# Dubnium

properties
[ Rn ] 5 f 14 6 d 3 7 s 2 (?)
105 Db
General
Name , symbol , atomic number Dubnium, Db, 105
Element category Transition metals
Group , period , block 5 , 7 , d
CAS number 53850-35-4
EC number 611-058-7
ECHA InfoCard 100.126.367
Atomic
Atomic mass 262,1138 u
Electron configuration [ Rn ] 5 f 14 6 d 3 7 s 2 (?)
1. Ionization energy 6th.8 (5) eV656 kJ / mol
2. Ionization energy 14th.0 (1.6) eV1 350 kJ / mol
3. Ionization energy 23.1 (1.6 eV)2 230 kJ / mol
4. Ionization energy 33.0 (1.7) eV3 180 kJ / mol
5. Ionization energy 43.0 (1.9 eV)4 150 kJ / mol
Physically
Isotopes
isotope NH t 1/2 ZA ZE (M eV ) ZP
261 Db {syn.} 1.8 s α 9.270 257 Lr
SF
262 Db {syn.} 34 p α 9.210 258 Lr
SF
ε 4,000 262 Rf
263 Db {syn.} 27 p SF
α 9.030 259 Lr
268 Db {syn.} 16 h SF
For other isotopes see list of isotopes
Hazard and safety information

GHS hazard labeling
no classification available
As far as possible and customary, SI units are used.
Unless otherwise noted, the data given apply to standard conditions .

Dubnium (formerly also: Hahnium , Nielsbohrium ) is an exclusively artificially produced chemical element with the element symbol Db and the atomic number 105. It is one of the transactinoids . In the periodic table of the elements it is in the 5th  IUPAC group , the vanadium group . All Dubnium isotopes are radioactive .

## discovery

Georgi N. Flerow , discoverer of Dubnium in 1967, on a special Russian stamp on the occasion of his 100th birthday (2013)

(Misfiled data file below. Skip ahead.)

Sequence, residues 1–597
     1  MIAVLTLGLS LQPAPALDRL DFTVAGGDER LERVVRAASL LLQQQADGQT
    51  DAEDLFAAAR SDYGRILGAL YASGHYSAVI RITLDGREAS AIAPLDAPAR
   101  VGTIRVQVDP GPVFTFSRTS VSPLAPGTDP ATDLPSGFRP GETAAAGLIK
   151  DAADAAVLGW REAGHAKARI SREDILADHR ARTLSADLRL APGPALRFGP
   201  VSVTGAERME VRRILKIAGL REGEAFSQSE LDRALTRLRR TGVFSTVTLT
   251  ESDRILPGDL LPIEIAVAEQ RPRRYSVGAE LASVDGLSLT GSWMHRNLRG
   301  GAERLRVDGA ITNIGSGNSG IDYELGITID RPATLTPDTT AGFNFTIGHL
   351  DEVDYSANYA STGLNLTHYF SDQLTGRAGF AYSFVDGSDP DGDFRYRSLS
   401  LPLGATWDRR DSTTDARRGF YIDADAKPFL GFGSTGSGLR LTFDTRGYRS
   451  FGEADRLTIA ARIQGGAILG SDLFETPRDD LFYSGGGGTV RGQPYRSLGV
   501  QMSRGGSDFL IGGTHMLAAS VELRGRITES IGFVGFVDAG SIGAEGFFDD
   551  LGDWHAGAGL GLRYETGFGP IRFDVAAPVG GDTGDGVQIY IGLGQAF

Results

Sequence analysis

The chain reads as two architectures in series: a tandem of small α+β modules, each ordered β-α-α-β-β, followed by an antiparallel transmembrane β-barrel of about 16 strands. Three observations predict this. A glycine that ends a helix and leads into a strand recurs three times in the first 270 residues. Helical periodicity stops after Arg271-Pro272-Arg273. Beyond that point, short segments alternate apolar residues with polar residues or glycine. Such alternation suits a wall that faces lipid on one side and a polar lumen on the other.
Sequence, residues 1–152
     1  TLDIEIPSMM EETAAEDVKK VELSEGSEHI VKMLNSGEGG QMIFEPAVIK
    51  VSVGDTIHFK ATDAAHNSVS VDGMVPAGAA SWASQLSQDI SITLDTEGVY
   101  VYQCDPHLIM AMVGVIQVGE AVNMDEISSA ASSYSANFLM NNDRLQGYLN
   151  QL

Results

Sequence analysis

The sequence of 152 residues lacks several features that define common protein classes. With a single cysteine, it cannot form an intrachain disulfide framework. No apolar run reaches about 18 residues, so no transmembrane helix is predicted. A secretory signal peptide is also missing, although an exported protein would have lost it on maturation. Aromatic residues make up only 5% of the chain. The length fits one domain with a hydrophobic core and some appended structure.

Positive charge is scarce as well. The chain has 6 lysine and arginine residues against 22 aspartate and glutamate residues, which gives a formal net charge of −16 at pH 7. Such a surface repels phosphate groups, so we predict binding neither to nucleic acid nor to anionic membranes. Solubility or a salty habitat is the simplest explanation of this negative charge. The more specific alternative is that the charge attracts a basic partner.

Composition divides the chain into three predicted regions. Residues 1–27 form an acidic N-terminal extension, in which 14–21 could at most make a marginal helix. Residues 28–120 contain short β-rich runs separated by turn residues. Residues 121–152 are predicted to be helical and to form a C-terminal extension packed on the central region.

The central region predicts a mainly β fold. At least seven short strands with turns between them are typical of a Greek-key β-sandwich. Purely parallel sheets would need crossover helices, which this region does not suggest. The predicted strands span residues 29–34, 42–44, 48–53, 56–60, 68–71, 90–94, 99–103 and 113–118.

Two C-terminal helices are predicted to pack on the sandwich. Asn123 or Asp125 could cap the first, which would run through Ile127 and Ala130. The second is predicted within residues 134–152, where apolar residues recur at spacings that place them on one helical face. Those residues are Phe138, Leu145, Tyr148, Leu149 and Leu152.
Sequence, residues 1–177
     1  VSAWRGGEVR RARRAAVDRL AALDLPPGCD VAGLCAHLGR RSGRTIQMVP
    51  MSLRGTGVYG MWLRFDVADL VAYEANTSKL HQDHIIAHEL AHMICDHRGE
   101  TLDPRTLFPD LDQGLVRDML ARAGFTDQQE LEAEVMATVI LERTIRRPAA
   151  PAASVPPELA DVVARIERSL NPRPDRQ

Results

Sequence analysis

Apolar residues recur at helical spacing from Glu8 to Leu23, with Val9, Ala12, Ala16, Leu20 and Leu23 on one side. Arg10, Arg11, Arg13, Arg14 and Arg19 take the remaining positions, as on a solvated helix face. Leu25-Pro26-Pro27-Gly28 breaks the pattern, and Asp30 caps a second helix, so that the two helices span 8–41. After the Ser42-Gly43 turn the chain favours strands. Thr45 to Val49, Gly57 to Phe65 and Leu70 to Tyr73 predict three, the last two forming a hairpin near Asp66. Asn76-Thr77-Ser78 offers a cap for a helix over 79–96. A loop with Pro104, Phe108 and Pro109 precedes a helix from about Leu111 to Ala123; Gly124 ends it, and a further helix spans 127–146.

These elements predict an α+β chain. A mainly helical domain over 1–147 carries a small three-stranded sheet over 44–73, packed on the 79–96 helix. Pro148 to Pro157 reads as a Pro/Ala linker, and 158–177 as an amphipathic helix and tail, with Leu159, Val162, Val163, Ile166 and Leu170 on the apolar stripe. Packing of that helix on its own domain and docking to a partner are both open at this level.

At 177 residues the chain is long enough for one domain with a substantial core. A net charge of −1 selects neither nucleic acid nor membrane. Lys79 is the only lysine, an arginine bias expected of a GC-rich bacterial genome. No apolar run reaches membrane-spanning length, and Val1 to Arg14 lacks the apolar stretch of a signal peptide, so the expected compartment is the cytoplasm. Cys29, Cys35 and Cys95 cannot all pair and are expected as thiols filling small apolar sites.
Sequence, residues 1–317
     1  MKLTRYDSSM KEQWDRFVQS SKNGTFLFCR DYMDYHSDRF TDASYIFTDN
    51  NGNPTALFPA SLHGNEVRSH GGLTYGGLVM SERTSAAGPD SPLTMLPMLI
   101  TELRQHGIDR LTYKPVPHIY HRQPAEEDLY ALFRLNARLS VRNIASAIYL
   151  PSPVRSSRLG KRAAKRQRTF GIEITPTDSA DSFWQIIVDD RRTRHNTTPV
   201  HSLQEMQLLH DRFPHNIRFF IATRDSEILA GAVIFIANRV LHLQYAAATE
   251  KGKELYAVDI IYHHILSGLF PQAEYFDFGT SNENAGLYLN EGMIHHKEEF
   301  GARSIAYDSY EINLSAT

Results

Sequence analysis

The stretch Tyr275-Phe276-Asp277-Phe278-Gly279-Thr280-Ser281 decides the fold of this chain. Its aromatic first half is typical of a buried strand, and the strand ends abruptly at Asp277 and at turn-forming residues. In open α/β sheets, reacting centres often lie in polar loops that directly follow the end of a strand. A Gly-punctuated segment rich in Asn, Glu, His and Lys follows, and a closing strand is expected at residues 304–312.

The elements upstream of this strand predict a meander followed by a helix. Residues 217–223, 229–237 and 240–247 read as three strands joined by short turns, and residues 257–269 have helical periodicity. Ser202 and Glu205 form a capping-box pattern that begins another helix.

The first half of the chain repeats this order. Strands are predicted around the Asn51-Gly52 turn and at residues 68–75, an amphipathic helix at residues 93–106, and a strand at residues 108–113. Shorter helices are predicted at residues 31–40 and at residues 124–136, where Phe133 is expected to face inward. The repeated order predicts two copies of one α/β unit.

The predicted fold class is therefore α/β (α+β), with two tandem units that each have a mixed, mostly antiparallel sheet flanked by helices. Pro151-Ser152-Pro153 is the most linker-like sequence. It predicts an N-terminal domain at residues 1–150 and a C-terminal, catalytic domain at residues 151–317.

Albert Ghiorso, discoverer of Dubnium in 1970

Dubnium was discovered in 1967 by Georgi N. Flerow et al. at the United Institute for Nuclear Research at Dubna near Moscow and in 1970 by Albert Ghiorso et al. at the University of California , Berkeley . Like all transactinoids , Dubnium is artificially produced exclusively by particle bombardment. The Soviet working group worked with the bombardment of americium by neon cores and suggested the name Nielsbohrium for it:

${\ displaystyle \ mathrm {{} _ {\ 95} ^ {243} On + {} _ {10} ^ {22} Ne \ rightarrow 5 \, {} _ {0} ^ {1} n + {} _ {105 } ^ {260} Db}}$
${\ displaystyle \ mathrm {{} _ {\ 95} ^ {243} On + {} _ {10} ^ {22} Ne \ rightarrow 4 \, {} _ {0} ^ {1} n + {} _ {105 } ^ {261} Db}}$

The American team, on the other hand, shot at Californium or Berkelium with nitrogen or oxygen nuclei and gave the resulting element the name Hahnium :

${\ displaystyle \ mathrm {{} _ {\ 98} ^ {249} Cf + {} _ {\ 7} ^ {15} N \ rightarrow 4 \, {} _ {0} ^ {1} n + {} _ { 105} ^ {260} Db}}$
${\ displaystyle \ mathrm {{} _ {\ 98} ^ {250} Cf + {} _ {\ 7} ^ {15} N \ rightarrow 4 \, {} _ {0} ^ {1} n + {} _ { 105} ^ {261} Db}}$
${\ displaystyle \ mathrm {{} _ {\ 97} ^ {249} Bk + {} _ {\ 8} ^ {16} O \ rightarrow 4 \, {} _ {0} ^ {1} n + {} _ { 105} ^ {261} Db}}$
${\ displaystyle \ mathrm {{} _ {\ 97} ^ {249} Bk + {} _ {\ 8} ^ {18} O \ rightarrow 5 \, {} _ {0} ^ {1} n + {} _ { 105} ^ {262} Db}}$

After an element naming controversy , it was named after the Russian nuclear research center Dubna in 1997 . Other names that were used at times for this element were:

 Unnilpentium (element symbol Unp), ( systematic name , provisional name) Hahnium (element symbol Ha), (after Otto Hahn ) Joliotium , proposal of the IUPAC 1994 (after Irène and Frédéric Joliot-Curie ) Nielsbohrium (element symbol Ns), (after Niels Bohr )

## use

So far, the element has only been synthesized in very small quantities for research purposes (in the experiments of Albert Ghiorso et al., For example, about 6 atoms per hour were produced) and has so far not been of any significance.